For all its challenges, Baltimore is still where it’s cooking | COMMENTARY

FILE - Steve Chu of Ekiben is in the running for a James Beard award for best chef in the Mid-Atlantic region.

On Jan. 25, the James Beard Foundation announced its annual award semifinalists. Often described as the Oscars of the culinary scene, a Beard Award can make or break a chef. Baltimore fared exceptionally well with three contenders. Two were for best chef in the Mid-Atlantic region: Chris Amendola of Foraged and Steve Chu of Ekiben. And Charleston, a frequent contender in fine dining awards, was listed for “Outstanding Hospitality,” a category sponsored, oddly enough, by American Airlines.

All are unquestionably worthy, particularly for those of us who have a weakness for Chef Chu’s tempura broccoli, which, readers may recall, he and Ekiben co-founder Ephrem Abebe took on the road two years ago to create for a terminally ill woman in Vermont. Hey, Chef Chu, you had us at “tempura,” but it’s nice to know Asian Fusion cuisine has a lot of soul, too. There’s something else to be observed about the nominees. They are all based in Baltimore. Not Towson. Not Ellicott City or Westminster. Not Glen Burnie or Elkridge. You want to eat cutting-edge food, you venture into a city.


We observe this with confidence because it’s exceedingly obvious. Look at all the Beard nominees and they are inevitably located in urban centers from Seattle to Los Angeles, from Miami to Boston. Oh, there are exceptions, of course. Many regard The French Laundry in Yountville, California, (population: 3,360) to be the nation’s finest (including, apparently, Gov. Gavin Newsom, who was caught attending a fancy dinner party there during the peak of the COVID pandemic in 2020). And that’s not to dismiss suburban restaurants. Not all are chains and/or fast casual, but, let’s face it, a lot of them are. They are surely convenient and affordable but they’ll also never be mistaken for a Beard Award winner. Cities are the place for experimentation, for artistry, for adventure. They have an energy, a youthful spirit, a fine dining tradition, a special “night on the town” feel.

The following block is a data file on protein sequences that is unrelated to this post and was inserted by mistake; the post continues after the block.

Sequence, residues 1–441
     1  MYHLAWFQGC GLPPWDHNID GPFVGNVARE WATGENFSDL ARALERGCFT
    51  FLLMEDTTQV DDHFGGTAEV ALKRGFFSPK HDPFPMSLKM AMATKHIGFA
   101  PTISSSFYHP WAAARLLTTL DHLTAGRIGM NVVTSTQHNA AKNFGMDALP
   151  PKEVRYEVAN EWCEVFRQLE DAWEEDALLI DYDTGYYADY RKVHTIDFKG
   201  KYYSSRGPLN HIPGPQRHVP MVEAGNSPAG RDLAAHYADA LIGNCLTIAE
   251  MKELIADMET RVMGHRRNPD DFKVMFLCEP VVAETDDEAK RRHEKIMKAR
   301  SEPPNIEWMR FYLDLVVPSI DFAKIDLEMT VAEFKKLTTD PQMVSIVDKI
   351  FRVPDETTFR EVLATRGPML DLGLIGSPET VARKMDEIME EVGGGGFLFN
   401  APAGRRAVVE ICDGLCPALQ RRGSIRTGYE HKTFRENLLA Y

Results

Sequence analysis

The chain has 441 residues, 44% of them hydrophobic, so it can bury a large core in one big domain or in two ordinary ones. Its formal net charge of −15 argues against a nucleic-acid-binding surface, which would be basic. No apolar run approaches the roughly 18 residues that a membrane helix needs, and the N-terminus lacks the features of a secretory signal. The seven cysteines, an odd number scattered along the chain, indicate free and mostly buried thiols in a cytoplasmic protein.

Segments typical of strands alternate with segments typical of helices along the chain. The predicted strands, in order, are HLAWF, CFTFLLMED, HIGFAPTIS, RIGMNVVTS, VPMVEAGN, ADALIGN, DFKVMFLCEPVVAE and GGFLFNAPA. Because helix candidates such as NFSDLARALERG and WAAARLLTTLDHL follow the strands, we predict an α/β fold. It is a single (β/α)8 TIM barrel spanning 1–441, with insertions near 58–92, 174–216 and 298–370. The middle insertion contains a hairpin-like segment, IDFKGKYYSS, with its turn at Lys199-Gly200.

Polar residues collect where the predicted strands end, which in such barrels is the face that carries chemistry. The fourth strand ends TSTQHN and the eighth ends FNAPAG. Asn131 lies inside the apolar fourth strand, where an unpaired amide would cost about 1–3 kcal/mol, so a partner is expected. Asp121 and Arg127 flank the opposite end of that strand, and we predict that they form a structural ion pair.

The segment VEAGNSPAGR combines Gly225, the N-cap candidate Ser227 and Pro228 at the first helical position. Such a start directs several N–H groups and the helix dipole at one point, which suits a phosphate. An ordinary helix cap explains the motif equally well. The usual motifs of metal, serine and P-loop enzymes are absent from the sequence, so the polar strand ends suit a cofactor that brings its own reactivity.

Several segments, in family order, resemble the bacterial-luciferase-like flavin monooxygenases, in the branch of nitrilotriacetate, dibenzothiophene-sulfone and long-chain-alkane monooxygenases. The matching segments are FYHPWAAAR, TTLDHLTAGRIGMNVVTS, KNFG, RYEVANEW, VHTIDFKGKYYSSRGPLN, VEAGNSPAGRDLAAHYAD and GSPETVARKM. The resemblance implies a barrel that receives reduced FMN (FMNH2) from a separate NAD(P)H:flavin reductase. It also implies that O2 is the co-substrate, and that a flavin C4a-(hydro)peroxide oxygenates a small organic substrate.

This quality extends far beyond the dinner table. As much as Baltimore is seen these days for its many shortcomings, it’s easy to forget that the city remains the heart of a metropolitan area of 2.8 million souls, the nation’s 21st largest. The region’s cultural center is in the city, from the Baltimore Museum of Art and Baltimore Symphony Orchestra to the Reginald F. Lewis Museum and National Aquarium. The region’s history is centered here, too, from Fort McHenry to the Washington Monument. And that’s not even counting all the fun stuff to do — including attending Orioles games at Oriole Park at Camden Yards or and Ravens games at M&T Bank Stadium or attending concerts at the new CFG Bank Arena (including Bruce Springsteen on April 7) — or the city’s world-class health care at Johns Hopkins Hospital.


Not long ago, some tech leaders sat down with us to explain why they’d like to have offices in Baltimore. Because office space is affordable? No. For special tax deals? Possibly, but that’s not what they claimed. They said they wanted to be here because it helped them recruit new employees. Young people from a technology background want to live in a city where things are happening, where public transit is available and not be stuck in traffic or in some suburban court far away from nice restaurants and bars, live music venues and entertainment. Baltimore offers that.

Does that sound like cheerleading? Good, because maybe some of that is needed. As we look to find ways to reduce this city’s homicide rate, to address its chronic housing woes and vacancies, to provide better economic opportunities and education for its neglected communities, to address the generations of damage done by racism and redlining, we must not lose sight of what we still have. There is reason for optimism at a time when Maryland has elected its first Black governor, an enthusiastic Baltimore supporter, and extraordinary cultural institutions like the BMA and BSO are also now in the hands of individuals of color. Baltimore is not an obligation holding others back, it’s the best asset Maryland has to help the region and state grow and prosper in the years ahead. Cheers to that.

Baltimore Sun editorial writers offer opinions and analysis on news and issues relevant to readers. They operate separately from the newsroom.